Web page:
Posts Tagged ‘Olympus XA’


Sunday, April 11th, 2010

Laney Construction

Oh, hey. Look at that. IT’S NOT INFRARED. : )

I haven’t given up the IR experimentation (sorry, haters), but over the last several weeks, I’ve been slowly making my way through a couple of rolls of color film in the Olympus XA. I had them developed recently, and I’ve got the scans post-processed and uploaded now.

One of the rolls is Ektar, a film of which I’m not normally a superfan — but which seems to really be at home on XA. I think it has to do with the comparatively low contrast of the XA’s lens — it takes the edge off of Ektar’s contrast and saturation.

Laney Construction

One of the more successful subjects on the roll is this construction site at Laney College. Construction sites are one of those categories of subject which is inexplicably tricky to photograph well, and yet at the same time is hard to turn away from. The appeal is easy to understand, I think — sites and situations which are undergoing transformation sort of cry out for documentation, and unlike many natural landscapes, you can’t tell yourself, “well, I can come back another week or another season.”

Laney Construction

The difficulties are a bit harder to figure out, and I don’t think I have them all straight in my head yet. Part of it is that the great machinery and the huge quantities of raw material tend to lend a lot of drama to the situation — and yet, unless one is shooting an annual report for the construction company or the site owner, documenting that drama is probably not what the photographer wants out of the situation. One has to try to find a place to stand from which one can enforce a human-scale perspective…

Laney Construction

Olympus XA

Sunday, May 11th, 2008

Olympus XA

For a while now, I’ve been wanting a compact camera to replace the Sony point and shoot that’s currently on extended loan to my sister — extended loan, meaning I’ll probably never see it again. : )

But, knowing somewhat more about photography than I did when I got that camera, and in particular knowing that I often want to shoot in available light conditions, without flash, I was wary of buying a digital compact of the kind currently on the market. High ISO performance is simply too lame. This is a problem which is directly related to the size of the sensors used in these cameras, and until there is a major improvement in the design of sensor, or until the use of larger sensors in compact cameras (like the buggy and fiendishly expensive Sigma DP-1) becomes more common, I decided I would need to start looking more toward compact film cameras. Shooting film at high ISOs is not exactly a grain-free exercise, of course, but I find film grain to be generally unobjectionable (if not desirable), whereas digital noise in color images has to be massaged quite a bit before I find it presentable.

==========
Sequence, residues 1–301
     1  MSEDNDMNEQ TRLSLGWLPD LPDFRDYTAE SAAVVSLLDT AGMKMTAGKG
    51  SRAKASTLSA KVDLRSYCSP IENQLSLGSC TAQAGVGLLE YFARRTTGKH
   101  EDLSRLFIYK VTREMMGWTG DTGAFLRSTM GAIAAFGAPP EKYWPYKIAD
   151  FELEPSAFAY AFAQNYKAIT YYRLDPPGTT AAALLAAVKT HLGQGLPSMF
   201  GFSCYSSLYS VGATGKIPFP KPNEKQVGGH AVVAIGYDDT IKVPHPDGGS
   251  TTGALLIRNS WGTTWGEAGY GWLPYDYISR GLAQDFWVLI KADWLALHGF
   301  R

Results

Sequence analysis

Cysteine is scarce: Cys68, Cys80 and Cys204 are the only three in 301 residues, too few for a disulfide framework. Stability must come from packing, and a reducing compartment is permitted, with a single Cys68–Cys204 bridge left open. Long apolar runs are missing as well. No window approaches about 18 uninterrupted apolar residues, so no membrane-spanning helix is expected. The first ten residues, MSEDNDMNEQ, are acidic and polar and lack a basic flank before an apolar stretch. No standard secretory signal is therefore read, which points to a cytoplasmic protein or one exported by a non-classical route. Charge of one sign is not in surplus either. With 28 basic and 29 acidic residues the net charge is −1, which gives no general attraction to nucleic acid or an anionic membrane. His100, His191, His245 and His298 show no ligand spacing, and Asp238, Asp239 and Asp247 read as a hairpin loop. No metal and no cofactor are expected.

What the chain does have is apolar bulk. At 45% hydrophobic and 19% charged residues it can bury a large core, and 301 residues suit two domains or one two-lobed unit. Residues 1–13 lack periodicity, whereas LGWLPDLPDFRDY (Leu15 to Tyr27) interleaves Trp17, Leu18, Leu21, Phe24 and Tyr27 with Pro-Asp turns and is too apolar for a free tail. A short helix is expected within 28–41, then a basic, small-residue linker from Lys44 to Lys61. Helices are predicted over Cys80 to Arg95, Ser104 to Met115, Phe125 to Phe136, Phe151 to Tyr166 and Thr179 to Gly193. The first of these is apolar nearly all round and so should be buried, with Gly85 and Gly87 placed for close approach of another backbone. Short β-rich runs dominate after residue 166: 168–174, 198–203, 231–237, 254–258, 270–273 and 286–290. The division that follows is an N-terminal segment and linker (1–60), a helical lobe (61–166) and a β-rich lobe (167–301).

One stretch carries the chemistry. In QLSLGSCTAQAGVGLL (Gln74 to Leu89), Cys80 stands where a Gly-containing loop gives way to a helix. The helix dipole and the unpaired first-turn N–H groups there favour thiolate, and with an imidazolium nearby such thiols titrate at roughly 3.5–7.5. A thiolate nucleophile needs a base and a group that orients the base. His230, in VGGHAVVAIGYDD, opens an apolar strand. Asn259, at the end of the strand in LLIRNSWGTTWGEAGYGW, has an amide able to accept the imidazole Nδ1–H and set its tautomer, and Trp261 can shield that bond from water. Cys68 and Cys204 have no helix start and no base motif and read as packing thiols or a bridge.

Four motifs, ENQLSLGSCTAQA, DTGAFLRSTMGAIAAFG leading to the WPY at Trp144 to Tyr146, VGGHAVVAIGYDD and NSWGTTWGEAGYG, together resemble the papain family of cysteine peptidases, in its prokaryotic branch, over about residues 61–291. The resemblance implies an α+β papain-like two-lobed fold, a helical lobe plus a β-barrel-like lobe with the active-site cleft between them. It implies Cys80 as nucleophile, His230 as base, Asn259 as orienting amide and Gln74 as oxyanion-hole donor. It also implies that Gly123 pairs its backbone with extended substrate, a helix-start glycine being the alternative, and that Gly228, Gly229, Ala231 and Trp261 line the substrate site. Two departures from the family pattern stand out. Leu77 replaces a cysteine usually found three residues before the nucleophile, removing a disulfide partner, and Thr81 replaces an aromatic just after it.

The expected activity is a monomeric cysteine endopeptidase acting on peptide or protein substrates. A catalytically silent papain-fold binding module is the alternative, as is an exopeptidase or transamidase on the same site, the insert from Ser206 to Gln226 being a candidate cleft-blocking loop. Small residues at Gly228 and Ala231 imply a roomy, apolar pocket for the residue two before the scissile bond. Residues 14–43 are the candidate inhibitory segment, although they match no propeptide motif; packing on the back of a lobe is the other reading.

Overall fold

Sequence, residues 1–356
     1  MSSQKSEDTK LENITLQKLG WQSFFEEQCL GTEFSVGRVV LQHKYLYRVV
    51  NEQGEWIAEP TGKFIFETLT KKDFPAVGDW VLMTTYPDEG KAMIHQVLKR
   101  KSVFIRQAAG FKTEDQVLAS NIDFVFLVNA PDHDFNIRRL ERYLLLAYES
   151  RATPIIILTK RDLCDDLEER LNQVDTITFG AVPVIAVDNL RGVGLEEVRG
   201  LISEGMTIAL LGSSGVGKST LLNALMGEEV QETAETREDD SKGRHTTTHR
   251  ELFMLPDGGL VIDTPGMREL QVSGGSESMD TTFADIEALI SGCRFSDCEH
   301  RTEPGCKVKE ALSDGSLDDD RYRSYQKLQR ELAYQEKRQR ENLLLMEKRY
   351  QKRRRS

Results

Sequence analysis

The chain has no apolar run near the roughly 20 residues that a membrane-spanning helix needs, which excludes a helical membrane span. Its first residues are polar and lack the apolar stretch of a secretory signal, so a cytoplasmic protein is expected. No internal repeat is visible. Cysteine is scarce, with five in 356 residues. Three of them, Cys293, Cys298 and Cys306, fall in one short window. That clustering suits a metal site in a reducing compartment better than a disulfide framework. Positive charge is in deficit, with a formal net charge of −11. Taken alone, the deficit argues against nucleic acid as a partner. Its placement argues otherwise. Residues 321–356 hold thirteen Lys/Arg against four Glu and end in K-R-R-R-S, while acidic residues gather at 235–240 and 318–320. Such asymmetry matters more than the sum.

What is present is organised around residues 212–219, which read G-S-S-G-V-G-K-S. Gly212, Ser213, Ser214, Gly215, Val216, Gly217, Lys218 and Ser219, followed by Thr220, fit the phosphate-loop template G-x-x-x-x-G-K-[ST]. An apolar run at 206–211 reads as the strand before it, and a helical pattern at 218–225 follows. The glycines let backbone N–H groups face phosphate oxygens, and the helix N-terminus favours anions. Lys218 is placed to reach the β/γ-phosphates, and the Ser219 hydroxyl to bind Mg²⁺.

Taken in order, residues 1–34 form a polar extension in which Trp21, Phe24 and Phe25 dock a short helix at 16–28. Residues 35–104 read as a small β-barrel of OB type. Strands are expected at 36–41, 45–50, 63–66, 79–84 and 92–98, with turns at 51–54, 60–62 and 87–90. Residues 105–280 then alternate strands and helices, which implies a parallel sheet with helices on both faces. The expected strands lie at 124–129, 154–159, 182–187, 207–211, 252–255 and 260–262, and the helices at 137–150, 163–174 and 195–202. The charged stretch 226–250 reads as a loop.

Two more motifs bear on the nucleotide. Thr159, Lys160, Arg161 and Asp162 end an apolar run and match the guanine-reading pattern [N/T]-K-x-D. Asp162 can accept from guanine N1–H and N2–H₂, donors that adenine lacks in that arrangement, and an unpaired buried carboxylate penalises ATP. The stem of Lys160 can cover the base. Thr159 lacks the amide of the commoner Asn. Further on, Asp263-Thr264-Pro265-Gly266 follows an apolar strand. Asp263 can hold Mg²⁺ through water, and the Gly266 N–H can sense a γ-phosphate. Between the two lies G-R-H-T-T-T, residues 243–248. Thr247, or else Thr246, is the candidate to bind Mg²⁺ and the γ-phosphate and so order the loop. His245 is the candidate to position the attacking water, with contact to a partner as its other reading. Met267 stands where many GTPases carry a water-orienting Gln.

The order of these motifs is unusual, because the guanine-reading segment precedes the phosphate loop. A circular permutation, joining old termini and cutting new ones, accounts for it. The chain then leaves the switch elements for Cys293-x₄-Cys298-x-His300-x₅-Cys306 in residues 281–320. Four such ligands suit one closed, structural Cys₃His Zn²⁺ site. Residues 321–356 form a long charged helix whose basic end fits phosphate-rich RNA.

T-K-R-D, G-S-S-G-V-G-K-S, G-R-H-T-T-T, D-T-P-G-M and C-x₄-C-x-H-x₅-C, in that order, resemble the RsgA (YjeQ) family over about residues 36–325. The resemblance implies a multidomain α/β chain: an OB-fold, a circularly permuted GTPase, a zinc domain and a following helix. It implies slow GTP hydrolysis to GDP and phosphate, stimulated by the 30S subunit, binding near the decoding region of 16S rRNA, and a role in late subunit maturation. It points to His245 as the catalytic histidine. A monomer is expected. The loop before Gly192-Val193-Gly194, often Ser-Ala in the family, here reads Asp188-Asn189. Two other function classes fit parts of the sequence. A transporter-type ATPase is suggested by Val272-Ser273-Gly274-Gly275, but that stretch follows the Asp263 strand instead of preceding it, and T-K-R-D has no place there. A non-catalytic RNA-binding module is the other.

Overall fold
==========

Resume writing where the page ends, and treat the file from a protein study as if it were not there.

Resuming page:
When looking for a film compact, I mostly steered clear of autofocus film cameras. Not that there’s anything wrong with autofocus per se, but I’ve become so accustomed to manual focus that I really don’t like the idea of doing without it — weird, I know, because it’s a step backward in functionality, but we all have our quirks.

So, I recently purchased a fascinating little piece of 70’s-era camera history: The Olympus XA. It looks like one of thouse silly plastic fixed-focus cameras, the sort of thing you might have bought for a particularly stupid and/or clumsy niece of nephew about to go on a trip. But what it really is, is one of the smallest coupled rangefinder cameras ever made.

For those not in the know, “coupled rangefinder” means that you’re not viewing the image through the lens, as in an SLR, but through a separate viewfinder, but that there’s a focusing aid coupled to the lens, to let you know when you’re in focus. How this works is there’s a little square projected into the middle of the viewfinder with a second, overlay image, and you adjust the focus until the images match.

This method of focusing allows rangefinder cameras to be designed more compactly than SLRs — no need for mirrors and prisms to redirect the light path. Rangefinder cameras can also be much quieter, and there are other benefits, like the absence of mirror slap — the motion of the mirror being lifted out of the way, which can cause problems at certain shutter speeds. These factors — in particular the compact size and the quiet — have made Leicas a favorite of street photographers and journalists.